Saturday, February 28, 2009

elephants don’t play well together?

In his book on music and the brain Oliver Sacks quotes Aniruddh Patel: “’[T]here is not a single report of an animal being trained to tap, peck, or move in synchrony with an auditory beat.’” As prophylactic against protests – how can he make such a categorical statement! – Patel says he visited an elephant orchestra in Thailand. “[E]lephants have been trained to strike percussion instruments and play on their own. … Patel [and a collegue] made careful measurements and video recordings of the elephants’ performances. They found, as they reported in a 2006 paper, that an elephant could ‘play a percussion instrument [a large drum] with a highly stable tempo’ – indeed a tempo more stable than most humans could achieve. But the other elephants in the ‘orchestra’ struck their instruments [cymbals, gongs, etc.] in seeming disregard of each other, without any hint of synchronization to the auditory beat of the drum elephant.’”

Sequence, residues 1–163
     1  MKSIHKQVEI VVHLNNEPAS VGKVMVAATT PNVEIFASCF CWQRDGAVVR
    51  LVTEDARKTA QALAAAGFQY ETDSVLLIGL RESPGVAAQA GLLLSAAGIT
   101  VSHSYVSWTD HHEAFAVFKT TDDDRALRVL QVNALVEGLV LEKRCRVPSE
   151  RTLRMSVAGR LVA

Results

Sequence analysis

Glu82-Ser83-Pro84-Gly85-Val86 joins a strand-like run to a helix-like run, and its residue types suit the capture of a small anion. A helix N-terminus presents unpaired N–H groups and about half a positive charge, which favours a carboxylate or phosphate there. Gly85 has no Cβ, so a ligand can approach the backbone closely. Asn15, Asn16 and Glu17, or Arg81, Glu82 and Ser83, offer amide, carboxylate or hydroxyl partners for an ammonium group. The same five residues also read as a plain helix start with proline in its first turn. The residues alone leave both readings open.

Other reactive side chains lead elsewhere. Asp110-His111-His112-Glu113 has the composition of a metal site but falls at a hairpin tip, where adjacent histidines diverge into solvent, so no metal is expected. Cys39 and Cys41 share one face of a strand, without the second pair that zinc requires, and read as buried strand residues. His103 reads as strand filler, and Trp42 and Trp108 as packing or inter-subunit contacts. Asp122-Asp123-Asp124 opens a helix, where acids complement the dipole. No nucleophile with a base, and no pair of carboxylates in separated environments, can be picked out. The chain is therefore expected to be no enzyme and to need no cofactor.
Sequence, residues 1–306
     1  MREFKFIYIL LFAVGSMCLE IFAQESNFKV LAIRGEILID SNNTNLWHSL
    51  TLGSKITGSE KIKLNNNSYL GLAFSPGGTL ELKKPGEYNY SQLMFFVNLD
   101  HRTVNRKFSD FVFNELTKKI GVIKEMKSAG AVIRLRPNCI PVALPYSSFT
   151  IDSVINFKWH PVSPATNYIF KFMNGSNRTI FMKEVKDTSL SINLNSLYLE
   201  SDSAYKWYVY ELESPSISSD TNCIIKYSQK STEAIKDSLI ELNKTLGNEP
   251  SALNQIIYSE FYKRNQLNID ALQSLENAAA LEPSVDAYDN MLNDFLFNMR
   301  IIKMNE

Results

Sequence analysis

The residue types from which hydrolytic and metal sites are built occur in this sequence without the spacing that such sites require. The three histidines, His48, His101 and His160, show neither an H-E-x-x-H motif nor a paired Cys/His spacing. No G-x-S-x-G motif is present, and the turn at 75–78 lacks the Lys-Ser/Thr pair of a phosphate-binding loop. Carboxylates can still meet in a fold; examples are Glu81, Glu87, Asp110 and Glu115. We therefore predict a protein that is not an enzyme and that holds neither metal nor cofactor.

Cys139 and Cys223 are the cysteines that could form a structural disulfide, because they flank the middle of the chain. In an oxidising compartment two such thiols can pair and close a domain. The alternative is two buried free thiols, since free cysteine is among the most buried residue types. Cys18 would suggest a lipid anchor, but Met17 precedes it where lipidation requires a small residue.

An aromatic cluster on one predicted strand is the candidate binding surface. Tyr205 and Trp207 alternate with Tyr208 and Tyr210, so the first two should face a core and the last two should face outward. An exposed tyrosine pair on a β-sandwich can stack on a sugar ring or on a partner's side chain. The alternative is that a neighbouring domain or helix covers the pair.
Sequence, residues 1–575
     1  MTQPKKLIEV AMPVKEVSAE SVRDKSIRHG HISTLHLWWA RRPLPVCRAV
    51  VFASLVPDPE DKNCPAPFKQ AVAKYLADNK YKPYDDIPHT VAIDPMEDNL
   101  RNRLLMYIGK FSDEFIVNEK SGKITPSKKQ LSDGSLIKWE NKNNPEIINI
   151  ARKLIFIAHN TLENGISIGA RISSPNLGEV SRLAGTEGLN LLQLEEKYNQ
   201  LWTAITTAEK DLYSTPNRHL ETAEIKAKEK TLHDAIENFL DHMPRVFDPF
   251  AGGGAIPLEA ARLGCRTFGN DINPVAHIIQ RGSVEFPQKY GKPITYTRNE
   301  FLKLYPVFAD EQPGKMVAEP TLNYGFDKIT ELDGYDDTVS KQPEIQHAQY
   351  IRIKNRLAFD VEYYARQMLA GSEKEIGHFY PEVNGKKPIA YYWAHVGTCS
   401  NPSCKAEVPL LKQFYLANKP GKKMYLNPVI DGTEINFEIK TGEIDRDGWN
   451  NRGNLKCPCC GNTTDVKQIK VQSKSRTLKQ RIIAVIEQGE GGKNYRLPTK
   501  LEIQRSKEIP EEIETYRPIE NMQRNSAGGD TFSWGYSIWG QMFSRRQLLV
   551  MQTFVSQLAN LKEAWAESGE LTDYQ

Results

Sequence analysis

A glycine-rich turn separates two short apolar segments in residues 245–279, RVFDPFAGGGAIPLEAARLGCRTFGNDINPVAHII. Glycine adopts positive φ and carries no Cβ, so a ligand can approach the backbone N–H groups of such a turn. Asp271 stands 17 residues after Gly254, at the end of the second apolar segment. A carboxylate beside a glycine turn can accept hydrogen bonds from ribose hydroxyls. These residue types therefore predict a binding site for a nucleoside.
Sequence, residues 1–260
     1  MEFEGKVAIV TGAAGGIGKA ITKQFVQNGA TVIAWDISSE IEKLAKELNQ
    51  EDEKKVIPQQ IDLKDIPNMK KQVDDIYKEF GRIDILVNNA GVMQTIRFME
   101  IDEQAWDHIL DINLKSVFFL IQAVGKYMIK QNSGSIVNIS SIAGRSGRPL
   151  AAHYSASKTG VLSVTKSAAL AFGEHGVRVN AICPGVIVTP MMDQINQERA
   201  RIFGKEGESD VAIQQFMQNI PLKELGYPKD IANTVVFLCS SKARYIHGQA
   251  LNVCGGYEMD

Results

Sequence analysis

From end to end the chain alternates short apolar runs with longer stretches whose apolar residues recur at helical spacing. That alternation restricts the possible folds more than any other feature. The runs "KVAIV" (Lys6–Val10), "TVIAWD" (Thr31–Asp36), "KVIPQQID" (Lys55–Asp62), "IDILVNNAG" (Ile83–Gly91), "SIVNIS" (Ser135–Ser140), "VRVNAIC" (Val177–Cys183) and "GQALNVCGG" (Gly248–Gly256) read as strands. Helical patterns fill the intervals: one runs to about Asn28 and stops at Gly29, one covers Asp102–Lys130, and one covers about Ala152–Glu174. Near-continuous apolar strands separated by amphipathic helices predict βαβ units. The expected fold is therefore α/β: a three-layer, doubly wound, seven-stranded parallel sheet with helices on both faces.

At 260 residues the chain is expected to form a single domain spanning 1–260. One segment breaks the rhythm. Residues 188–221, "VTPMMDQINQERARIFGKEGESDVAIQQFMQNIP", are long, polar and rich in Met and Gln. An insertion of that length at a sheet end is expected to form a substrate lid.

Oliver Sacks pulls back from primates to our own order: “’[R]hythm’ – in this special sense of combining movement and sound – appears spontaneously in human children, but not in any other primate.”

I’m not interested in arguing about whether there is a nonhuman animal what’s got riddim. What annoys me is this notion that writers have to ta-da – look folks, here’s something that only humans can do. That must be the thing that distinguishes us from all other life forms – after all, it’s not toolmaking, it’s not an opposable thumb, it’s not love, it’s not even laughter. It must be, uh, “being [able to be] trained to … move in synchrony with an auditory beat,” whatever that means exactly.

Is it so hard to hold back the definitive statement? Insert a “so far as we know” or “there was no example that we were able to find” or somesuch? Is a sentence like, “We were unable to find a single report of an animal being trained to tap, peck or move in synchrony blah blah blah”, so unwieldy? I mean, all it takes is one “single report” and you got egg on your face.

source: Musicophilia: tales of music and the brain, by Oliver Sacks

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